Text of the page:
In the latest installment of his series “From the Chapel,” OSV publisher Scott Richert writes…
From the Chapel — June 23: ‘In media res’
“From the Chapel” is a series of short, daily reflections on life and faith in a time of uncertainty. As people across the world cope with the effects of the coronavirus — including the social isolation necessary to combat its spread — these reflections remind us of the hope that lies at the heart of the Gospel.
Have you ever overheard just enough of a conversation so that you’re certain you know what it’s about, only to join in and be greeted by puzzled looks, because the conversation is about something entirely different? Most of us have had this happen at least once in our lives; for some, it’s a fairly common experience. Such a mistake can be embarrassing, of course, but it can also be a moment of clarity, one of those instances in which you’re forced to recognize a fundamental truth of human existence: When you close your eyes and cover your ears, the world continues on without you.
There’s a technique in storytelling — poetry, prose and film — in which the storyteller begins the narrative in media res, in the midst of things. As the story unfolds before you, you begin to realize that there’s a backstory, a history, that you don’t know. As bits of that history begin to surface in the story, your understanding of what you’ve already read or seen changes. A putative hero becomes a more complex figure; you may begin to develop some sympathy for a supposed villain. Actions that seemed to be black or white develop moral ambiguity and dissolve into shades of gray. If the storyteller using this technique is any good, you may be drawn out of your preconceptions not only about the story contained within this particular piece of art but also, by analogy, your preconceptions about the life in which you’ve found yourself in media res.
Because that is the human condition. Our story doesn’t start with our birth or with our first memories, nor will it end with our death. We live life in media res, born into a set of circumstances created by a history over which we have no control. During our time on this earth, of course, we can and do shape those circumstances and that history, as well as the circumstances and the history in which others will one day find themselves. “No man is an island,” John Donne wrote, and the choices we make will not only affect our contemporaries, both those we know and others we will never meet, but many who will not appear on this earth until long after we have returned to the dust.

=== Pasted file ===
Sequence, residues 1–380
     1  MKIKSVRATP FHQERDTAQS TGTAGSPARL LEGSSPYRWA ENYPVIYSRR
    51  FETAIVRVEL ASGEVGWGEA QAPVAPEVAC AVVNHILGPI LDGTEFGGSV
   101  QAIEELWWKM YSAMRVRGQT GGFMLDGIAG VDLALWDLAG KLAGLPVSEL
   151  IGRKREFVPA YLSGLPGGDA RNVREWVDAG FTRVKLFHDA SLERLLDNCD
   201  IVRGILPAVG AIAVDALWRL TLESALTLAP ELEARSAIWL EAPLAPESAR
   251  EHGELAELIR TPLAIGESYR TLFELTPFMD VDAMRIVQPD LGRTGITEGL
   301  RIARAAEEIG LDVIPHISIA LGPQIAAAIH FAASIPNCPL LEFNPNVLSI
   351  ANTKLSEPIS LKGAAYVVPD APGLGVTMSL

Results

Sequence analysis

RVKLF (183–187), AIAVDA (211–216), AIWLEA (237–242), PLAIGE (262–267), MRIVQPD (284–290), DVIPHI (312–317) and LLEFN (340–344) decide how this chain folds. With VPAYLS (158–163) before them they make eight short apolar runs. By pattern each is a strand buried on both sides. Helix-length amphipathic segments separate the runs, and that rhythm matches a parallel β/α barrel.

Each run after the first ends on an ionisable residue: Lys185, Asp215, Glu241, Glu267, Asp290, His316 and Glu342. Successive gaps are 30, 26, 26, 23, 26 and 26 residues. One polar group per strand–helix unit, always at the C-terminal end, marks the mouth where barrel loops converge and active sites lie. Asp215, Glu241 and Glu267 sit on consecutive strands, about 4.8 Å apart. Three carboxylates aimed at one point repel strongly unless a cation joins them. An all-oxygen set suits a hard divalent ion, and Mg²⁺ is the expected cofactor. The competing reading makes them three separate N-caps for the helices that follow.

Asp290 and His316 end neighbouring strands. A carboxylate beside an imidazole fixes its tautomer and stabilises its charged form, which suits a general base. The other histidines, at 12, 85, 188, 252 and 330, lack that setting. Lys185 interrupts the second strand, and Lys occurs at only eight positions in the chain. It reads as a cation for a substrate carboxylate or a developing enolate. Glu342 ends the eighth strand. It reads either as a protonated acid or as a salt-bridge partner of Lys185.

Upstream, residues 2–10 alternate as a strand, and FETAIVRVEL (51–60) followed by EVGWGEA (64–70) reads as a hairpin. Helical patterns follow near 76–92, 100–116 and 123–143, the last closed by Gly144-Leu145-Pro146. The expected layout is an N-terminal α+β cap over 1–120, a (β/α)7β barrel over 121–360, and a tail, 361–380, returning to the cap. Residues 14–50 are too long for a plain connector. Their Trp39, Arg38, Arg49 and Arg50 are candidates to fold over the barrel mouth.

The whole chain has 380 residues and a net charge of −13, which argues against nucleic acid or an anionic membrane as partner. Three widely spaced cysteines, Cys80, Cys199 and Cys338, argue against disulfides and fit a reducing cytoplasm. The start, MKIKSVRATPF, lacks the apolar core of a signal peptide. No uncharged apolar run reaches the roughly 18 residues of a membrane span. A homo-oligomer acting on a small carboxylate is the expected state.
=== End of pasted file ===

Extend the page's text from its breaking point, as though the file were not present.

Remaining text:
Even in the best of times, there’s always a tension between our self-absorption, the reality that we can never fully shake the sense of being at the center of the world, and a broader recognition that we’re in the midst of a reality which we have very limited ability to change. One of the marks of both intellectual and spiritual maturity is the ability to recognize our own limits, and one of the most important of those limits is the extent to which we can understand the circumstances in which others find themselves.
Reading both literature and history — at least, the better works of each — provides us with the imaginative material that allows us to enter more fully into the lives of others. When literature becomes didactic, though, or history is not taken on its own terms but is distorted for ideological ends, both end up trapping us in the present moment, not liberating us from our preconceptions but binding us more completely to them, not helping us to understand the lives of others and the circumstances in which they found themselves — and thus destroying the conditions that allow us to understand our own lives better by analogy.
Scott P. Richert is publisher for OSV.